4

One of our users just sent us a screenshot of them browsing our site using Chrome for OS X, version 44.0.2403.130. This came as a surprise because I thought that our certificates were up to date (via RapidSSL). I'm not 100% sure I understand the issue and am trying to figure out what we can do to fix it.

Thank you in advance

enter image description here

7

EDIT - Updated based on comments from @AdmSelec below and info from GlobalSign

Whilst usually when that error pops up it'll likely relate to SHA-1 hashing, in this case it appears more likely that it relates to a bug in Chromium on OSX (details here).

Whilst the screenshot displayed doesn't show the certificate itself it does show information on the issuing CA indicating that it uses SHA256 and usually a CA will not issue a SHA-1 signed certificate from a SHA-2 signed Intermediate.

General Answer for seeing SHA-1 cert errors

The specific concern here relates to the SHA-1 hashing algorithm that is in use as part of your certificate. SHA-1 was a commonly used algorithm for this in the past but it is now considered insecure, and modern browsers are starting to deprecate it (causing the warning your user is seeing), more information on the deprecation can be found here or here amongst others.

What you need to do is re-issue your certificate using an updated set of algorithms. The instructions will vary depending on the company issuing it, but there are some pointers here which appear to include a reference for RapidSSL.

I'd expect if you contact RapidSSL support they should also be able to help.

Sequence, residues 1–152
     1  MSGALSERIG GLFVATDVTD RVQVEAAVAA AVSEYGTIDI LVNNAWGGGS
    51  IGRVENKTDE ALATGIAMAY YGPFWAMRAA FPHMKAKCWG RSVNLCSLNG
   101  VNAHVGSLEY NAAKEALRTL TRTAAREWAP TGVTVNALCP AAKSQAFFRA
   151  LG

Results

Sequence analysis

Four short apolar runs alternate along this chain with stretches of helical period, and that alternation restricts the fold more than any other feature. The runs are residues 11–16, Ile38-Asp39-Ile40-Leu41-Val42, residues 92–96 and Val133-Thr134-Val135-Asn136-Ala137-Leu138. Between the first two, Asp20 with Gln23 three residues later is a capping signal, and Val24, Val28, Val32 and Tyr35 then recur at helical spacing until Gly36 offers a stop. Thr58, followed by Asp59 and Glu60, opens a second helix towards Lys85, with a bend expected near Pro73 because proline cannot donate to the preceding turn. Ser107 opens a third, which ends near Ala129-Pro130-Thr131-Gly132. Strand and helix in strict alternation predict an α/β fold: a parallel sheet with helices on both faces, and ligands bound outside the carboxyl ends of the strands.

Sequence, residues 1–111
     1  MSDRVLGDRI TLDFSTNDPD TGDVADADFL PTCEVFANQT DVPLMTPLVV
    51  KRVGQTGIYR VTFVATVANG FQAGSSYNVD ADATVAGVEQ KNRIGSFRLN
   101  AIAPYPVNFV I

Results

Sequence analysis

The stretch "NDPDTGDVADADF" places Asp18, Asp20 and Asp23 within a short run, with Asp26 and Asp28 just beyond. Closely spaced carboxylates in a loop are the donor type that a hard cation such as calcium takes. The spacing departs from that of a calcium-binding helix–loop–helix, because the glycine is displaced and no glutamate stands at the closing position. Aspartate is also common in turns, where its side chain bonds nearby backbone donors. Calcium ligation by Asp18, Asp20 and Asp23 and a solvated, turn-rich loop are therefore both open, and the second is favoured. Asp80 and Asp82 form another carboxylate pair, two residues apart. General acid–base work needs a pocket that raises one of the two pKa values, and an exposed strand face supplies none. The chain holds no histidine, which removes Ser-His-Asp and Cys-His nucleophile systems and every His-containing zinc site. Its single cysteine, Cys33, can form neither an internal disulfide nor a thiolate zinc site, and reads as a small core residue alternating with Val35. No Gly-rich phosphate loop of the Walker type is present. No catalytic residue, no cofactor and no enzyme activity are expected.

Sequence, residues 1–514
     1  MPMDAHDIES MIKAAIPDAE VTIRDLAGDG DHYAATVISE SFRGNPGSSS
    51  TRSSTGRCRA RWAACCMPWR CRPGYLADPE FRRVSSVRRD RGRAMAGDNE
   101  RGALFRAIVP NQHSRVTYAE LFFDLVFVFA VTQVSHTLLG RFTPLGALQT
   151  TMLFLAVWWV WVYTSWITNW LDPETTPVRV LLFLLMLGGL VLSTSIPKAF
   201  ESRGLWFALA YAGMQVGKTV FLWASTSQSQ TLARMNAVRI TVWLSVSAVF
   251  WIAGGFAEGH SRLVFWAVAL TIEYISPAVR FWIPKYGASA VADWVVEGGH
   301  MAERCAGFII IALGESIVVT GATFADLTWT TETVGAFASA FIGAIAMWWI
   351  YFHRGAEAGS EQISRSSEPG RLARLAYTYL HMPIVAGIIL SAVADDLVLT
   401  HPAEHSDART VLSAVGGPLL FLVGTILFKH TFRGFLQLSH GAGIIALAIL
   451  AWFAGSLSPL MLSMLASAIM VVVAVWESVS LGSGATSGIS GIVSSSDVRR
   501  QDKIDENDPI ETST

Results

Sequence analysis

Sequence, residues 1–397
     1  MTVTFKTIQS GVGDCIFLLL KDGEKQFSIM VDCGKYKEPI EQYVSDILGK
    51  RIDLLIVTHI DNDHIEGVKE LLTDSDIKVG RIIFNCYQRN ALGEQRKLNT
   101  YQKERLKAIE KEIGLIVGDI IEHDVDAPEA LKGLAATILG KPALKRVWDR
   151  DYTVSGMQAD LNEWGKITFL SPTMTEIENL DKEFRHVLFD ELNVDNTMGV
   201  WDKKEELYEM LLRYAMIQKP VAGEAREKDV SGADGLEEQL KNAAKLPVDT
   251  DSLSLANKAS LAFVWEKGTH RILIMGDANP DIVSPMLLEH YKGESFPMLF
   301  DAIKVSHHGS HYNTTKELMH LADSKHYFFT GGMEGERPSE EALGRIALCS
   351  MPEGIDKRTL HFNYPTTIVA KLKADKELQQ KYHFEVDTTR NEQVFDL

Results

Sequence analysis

| improve this answer | |
  • 4
    Note that this won't get rid of the "obsolete cryptography" warning though, since the ciphersuite for the connection uses AES_256_CBC for encryption. Only the use of GCM and ChaCha20 suites can get rid of this additional error. – Xander Aug 5 '15 at 17:27
  • 1
    The asker's site already uses SHA2 certificate under SHA2 intermediate. He also clearly stated that this problem occurs on Apple OS X. This OS has a bug that causes Chrome to show SHA1 warning even in case of SHA1 root certificate: code.google.com/p/chromium/issues/detail?id=499506 How can the asker deal with an Apple's security bug by re-issuing his certificate? And this is an accepted answer! – Adm Selec Aug 6 '15 at 14:28
  • @AdmSelec if you look at the screenshot provided it clearly states "This site uses a weak security configuration (SHA-1 signatures)" and this is expanded in the rest of the screenshot to say that at least one certificate in the chain is using SHA-1. If there is a bug that would cause this well that could also be a solution, but the evidence provided indicated that it was a SHA-1 cert. issue and without the ability to see the certs in question, that seemed like a reasonable conclusion. Given the questioner accepted it, it would appear it worked for them too :) – Rory McCune Aug 6 '15 at 14:35
  • @RŠ¾ryMcCune the screenshot provided states "The identity of this website has been verified by RapidSSL SHA256 CA - G3", meaning it is SHA2 chain under "GeoTrust Global CA" SHA1 root. CAs mention signature algorithm in intermediates' Common Names not just for fun, it's an additional assurance! – Adm Selec Aug 6 '15 at 14:46
  • but, and correct my if I'm wrong here, we don't know whether the questioners certificate is signed with SHA-1 or not? I don't see that information in the screenshot – Rory McCune Aug 6 '15 at 14:48

Not the answer you're looking for? Browse other questions tagged or ask your own question.